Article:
The Benefits of the Superfood Maca

By Carol Blair, BA, DiHom, CNC

Raw Maca PowderMaca is both adaptogenic and restorative in that it helps the body to adapt to stress and can help to recalibrate the body’s hormones. Maca has an incredible nutritional profile of potent phytonutrients that include vitamins, minerals, amino acids, fiber, and fatty acids. This amazing plant can nutritionally fuel the endocrine system so that it is able to produce hormones regularly. Maca does not actually increase levels of any hormones, but encourages the body to produce them on its own. This is accomplished through maca’s targeted nourishment of the hypothalamus and pituitary glands (master glands of the body). These glands in turn regulate other glands, bringing balance to the adrenal, thyroid, pancreas, ovarian, and testicular glands. This can move the body toward a more optimal balance of estrogen and progesterone levels potentially reducing the severity and occurrence of migraine headaches.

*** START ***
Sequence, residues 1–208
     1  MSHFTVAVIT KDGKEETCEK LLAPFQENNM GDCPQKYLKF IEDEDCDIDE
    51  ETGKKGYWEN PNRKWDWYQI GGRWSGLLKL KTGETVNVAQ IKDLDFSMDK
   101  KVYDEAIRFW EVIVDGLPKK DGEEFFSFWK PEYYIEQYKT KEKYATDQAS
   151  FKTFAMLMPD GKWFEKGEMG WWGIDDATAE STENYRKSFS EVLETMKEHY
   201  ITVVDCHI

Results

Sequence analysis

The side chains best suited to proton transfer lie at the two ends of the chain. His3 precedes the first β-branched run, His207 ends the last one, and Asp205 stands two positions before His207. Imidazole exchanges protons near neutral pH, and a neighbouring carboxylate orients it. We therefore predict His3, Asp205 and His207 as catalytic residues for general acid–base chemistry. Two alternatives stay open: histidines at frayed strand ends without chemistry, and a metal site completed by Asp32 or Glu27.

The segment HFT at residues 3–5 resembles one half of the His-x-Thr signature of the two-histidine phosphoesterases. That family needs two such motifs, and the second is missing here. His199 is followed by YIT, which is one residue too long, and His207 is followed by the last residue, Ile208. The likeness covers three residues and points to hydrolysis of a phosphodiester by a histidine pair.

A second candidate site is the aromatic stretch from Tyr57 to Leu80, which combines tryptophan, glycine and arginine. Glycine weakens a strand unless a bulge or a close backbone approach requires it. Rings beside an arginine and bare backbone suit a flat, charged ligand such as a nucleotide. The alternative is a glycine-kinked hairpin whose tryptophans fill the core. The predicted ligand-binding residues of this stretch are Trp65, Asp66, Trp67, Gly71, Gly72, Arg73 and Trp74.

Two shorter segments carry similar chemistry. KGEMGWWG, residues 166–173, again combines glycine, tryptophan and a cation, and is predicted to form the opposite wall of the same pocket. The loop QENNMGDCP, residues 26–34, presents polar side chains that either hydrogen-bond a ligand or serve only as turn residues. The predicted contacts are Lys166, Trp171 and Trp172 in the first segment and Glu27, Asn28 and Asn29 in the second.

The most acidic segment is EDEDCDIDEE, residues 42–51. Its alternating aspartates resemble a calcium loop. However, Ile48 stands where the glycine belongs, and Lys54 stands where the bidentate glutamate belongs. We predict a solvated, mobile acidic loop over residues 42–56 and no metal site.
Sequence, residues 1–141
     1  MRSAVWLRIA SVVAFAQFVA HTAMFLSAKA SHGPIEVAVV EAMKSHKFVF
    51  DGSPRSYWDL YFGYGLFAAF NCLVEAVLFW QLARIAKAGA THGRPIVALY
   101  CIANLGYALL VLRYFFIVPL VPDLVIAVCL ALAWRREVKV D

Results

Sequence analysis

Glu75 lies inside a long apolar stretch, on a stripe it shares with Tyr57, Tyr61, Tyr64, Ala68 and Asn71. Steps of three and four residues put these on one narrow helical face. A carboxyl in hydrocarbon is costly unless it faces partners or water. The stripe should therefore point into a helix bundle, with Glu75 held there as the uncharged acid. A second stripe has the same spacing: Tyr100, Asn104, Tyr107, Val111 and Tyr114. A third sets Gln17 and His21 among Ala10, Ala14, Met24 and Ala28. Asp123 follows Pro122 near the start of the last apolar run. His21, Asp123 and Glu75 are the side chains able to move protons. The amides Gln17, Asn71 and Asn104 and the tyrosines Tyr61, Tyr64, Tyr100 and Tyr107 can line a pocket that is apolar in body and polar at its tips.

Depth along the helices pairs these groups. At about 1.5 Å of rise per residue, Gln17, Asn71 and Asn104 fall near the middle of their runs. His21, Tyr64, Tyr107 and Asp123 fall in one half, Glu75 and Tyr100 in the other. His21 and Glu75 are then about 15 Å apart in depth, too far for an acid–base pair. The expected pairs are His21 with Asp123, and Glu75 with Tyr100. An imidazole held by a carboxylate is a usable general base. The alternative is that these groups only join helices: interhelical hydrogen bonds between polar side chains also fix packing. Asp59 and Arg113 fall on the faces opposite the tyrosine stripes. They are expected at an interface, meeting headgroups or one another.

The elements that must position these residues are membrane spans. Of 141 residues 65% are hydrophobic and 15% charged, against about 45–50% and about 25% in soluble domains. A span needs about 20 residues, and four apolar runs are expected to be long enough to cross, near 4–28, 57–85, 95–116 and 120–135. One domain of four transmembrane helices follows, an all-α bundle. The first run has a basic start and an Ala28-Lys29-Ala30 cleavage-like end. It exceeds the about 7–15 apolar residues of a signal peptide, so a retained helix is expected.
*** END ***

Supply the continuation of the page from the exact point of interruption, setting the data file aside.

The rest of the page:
Here are some additional bullets, reviewing the varying specific benefits of maca:

  • Great for menopause. Maca helps adrenals to naturally produce more estradiol, progesterone, and testosterone, as well as DHEA. Because maca works on the hypothalamus/pituitary axis, it is often helpful for hot flashes. The pituitary gets messages from the hypothalamus; the hypothalamus controls body temperature. Maca works quickly in helping reduce hot flash symptoms – often in 4-7 days.
  • Helps relieve hormonal depression.
  • Helpful for male impotence and erectile dysfunction; improves semen and motility.
  • Restores vaginal lubrication, libido, and endurance.
  • Helps with ovarian cysts, small uterine fibroids, endometriosis, and fertility whether because of low sperm or lack of ovulation.
  • Used in Peru to carry pregnancies to full-term (raises progesterone). Considered a nutritive tonic and adaptogen.

Dosage is difficult; more is not better. Men may need less than women. For women in menopause, start with one capsule. You may need to go up to 3-4 capsules.  If symptoms get worse, reduce dosage.